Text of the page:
Film: The Little Gorilla

Ice Cream is Serious Business:
Interview with Filmmaker Harry Kellerman

By Madelyn Ritrosky and Jared WInslow

Harry Kellerman has some very definite ideas. 
 
Consider this:  “When a child eats an ice cream cone, Hollywood wants you to think the child eats that ice cream cone with a big smile… But that’s a gross misrepresentation for me because childhood is actually a shot of a boy eating an ice cream cone with a look of cold steel on his face.” 
 
Cold steel.  Cool, glinting, unyielding.  Do a gestalt shift in how you usually see such a scene, and think about it.  Yes….  It’s coming into view…  “That ice cream cone represents energy… It’s fuel for a child.”  And that is serious business – through the prism of childhood.  As adults, we forget. 
 
For Harry Kellerman, an up-and-coming writer and director, too many family films today are completely uninspired, “sterile and reheated.”  Like the ice cream cone with a smile, Harry sees a sickly sweet quality that exudes “corporate-interest fear of alienating any demographic.” 
 
He hates it.  And he plans to do something about it.  Actually, he already is.
 
I met Harry Kellerman and saw his short film, The Little Gorilla (2007), at the Heartland Film Festival.  Since I was accompanied by my collaborator and eight-year-old son, Jared Winslow, Harry met him as well.  When we were sitting at a table together at a lunch buffet for filmmakers and journalists, I could tell by Harry’s interactions with Jared that he truly was a kid-friendly adult. 
 
Then when we watched The Little Gorilla, we knew.  Harry is a kids’ filmmaker.  Jared and I reviewed the film, which has a little boy as protagonist, in Heartland Festival Films: "Of Kids and Courage."

In the meantime, we got to see his first short film and initial entrée to the festival circuit, Spidermen (2004).  It’s another visual storytelling feat that had me and Jared laughing and enjoying that little boy’s viewpoint – as constructed by Harry Kellerman. 
 
Recently, Harry and I sat down for an extended interview.   
 
This turns out to be apt timing, for The Little Gorilla’s festival travels have just come to a close with two festivals in Italy in March.  Harry explained, “I stopped submitting the film to festivals six months ago.  It was taking too much out of me.”  The film screened at 70 festivals and won 20 awards, and he eventually found himself wanting to talk about his other scripts.  “I need to buckle down and focus on the new stuff, on the writing.”  It’s time to move ahead.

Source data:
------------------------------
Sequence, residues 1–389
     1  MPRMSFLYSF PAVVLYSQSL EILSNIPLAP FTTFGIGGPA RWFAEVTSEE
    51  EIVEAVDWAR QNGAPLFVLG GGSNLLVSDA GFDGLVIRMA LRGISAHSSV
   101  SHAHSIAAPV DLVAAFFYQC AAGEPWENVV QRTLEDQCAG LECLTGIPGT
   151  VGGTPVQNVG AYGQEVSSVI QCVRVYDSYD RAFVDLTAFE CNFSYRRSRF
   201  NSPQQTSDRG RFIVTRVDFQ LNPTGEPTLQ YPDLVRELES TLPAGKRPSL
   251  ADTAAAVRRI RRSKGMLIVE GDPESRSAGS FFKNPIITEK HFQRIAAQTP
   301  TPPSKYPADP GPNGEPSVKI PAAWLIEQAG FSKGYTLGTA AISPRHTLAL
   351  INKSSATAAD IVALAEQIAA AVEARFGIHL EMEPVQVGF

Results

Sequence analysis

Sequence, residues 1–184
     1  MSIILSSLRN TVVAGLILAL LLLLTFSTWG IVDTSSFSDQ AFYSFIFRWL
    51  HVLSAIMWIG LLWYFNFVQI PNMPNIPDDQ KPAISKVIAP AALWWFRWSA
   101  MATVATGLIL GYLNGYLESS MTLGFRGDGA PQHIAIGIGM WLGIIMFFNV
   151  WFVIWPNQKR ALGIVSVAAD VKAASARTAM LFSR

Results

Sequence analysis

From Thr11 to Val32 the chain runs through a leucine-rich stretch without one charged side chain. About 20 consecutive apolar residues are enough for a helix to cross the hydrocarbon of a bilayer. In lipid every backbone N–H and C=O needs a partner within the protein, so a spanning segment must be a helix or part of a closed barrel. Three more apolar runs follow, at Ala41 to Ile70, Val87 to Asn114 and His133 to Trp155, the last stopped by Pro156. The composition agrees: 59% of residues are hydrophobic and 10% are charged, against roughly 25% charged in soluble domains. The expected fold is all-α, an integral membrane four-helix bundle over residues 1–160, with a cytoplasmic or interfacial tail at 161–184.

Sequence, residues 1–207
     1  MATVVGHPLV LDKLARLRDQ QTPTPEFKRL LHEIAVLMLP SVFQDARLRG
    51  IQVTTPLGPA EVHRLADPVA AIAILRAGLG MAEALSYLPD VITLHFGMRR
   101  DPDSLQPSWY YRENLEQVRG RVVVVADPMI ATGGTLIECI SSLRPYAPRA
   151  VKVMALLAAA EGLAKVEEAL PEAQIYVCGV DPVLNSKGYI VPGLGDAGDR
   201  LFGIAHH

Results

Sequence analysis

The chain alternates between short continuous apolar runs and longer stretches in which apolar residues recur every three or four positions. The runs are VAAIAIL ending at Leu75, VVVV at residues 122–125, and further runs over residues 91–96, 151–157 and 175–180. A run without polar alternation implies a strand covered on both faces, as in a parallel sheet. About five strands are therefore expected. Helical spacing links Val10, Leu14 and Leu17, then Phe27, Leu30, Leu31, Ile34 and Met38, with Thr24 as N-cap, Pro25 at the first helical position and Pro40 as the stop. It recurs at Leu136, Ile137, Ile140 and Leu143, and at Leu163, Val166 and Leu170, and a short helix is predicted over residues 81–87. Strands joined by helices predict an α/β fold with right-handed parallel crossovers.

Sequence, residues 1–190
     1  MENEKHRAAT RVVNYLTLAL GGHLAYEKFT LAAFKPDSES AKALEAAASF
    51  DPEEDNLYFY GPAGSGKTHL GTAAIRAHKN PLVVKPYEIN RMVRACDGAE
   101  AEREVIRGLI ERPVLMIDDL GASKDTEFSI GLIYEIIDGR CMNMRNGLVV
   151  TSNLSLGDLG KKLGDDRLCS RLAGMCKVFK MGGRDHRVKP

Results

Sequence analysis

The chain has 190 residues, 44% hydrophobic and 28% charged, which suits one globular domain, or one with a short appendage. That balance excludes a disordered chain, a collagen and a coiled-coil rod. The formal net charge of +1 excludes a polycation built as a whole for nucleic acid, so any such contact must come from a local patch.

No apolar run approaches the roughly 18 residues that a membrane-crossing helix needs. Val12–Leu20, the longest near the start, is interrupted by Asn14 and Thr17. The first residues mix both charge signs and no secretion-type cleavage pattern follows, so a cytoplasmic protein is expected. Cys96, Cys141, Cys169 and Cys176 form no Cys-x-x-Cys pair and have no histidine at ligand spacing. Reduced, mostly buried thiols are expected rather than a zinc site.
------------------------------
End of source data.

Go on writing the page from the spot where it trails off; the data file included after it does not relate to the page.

Harry got into filmmaking by way of theater and acting at Brown University and then back in his hometown of New York City.

“I entered the acting biz, but I was constantly drawn to the filmmaking element,” he said.  You can see him in bit parts in Tadpole (2002) and I’m with Lucy (2002).

“I found myself sitting next to the director, but instead of asking about my character’s motivations I was asking to see the storyboards.  I was asking if a short film was adapted from a play and looking at how a writer-director was translating the language of a play into cinematic language.” 
 
He realized his path and started Columbia’s graduate film program in fall 2002.  “They teach filmmaking as a visual language,” Harry explained.  “We started by writing five-page scripts with no dialogue.  It was boot camp.”  He came to the conclusion that “when you’re a spectator of human nonverbal behavior, your experience is that much deeper.  Because you’re a witness to it.  You’re seeing people’s characters through what they do rather than what they say.” 
 
You can easily see the influence of this approach in both of Harry Kellerman’s films.  Dialogue is minimal, with story, emotions, and the protagonist’s relational environment conveyed primarily through shot composition and juxtaposition.  The music, composed by Harry in the case of The Little Gorilla, and the dialogue punctuate what we see within the frame.  He strives for what he calls “subtextual dialogue” rather than “surface dialogue.”
 
Surface dialogue is, according to Harry, “what television runs on.”  There are few exceptions.  He named two:  The Sopranos and The OfficeThe Office has some of the best dialogue subtext I’ve ever heard.”  This brought up the name of one of The Office’s director-producers, Ken Kwapis, who also directed The Sisterhood of the Traveling Pants – a family film par excellence according to Harry.

“That is a highly underrated movie.  It actually tackles four characters in extremely contemporary and character-related ways that you don’t see other family films try to tackle.  And it’s an important movie because girls are the protagonists.  It’s for a demographic that’s a little bit older, but it really delves into contemporary emotional issues for girls of that age.  It exemplifies why I want to go into family films.”    
 
He also mentioned Little Manhattan as a “really sweet, really original movie.”  Unfortunately for its box office business, he explained, “it has a boy protagonist and it’s a love story.  A love story is not going to bring boys into the theater.”  It’s clear that Harry is weighing all of the dynamics in entering the family film market.  He’s an idealist with realist sensibilities. 
 
When he made his first film, Spidermen, Harry assessed his experience:  “My enjoyment was way higher than people normally report when working with kids.  In the industry, you hear ‘Don’t work with kids or animals’.  But the unbelievable contradiction in that sentiment is children and animals go through the world learning and experiencing things visually and nonverbally.  And I think film is strongest when stories are conveyed through behavior and not dialogue.  Children and animals are probably the subjects more fit for cinematic expression.  But working with them as performers requires a great deal of patience and time.”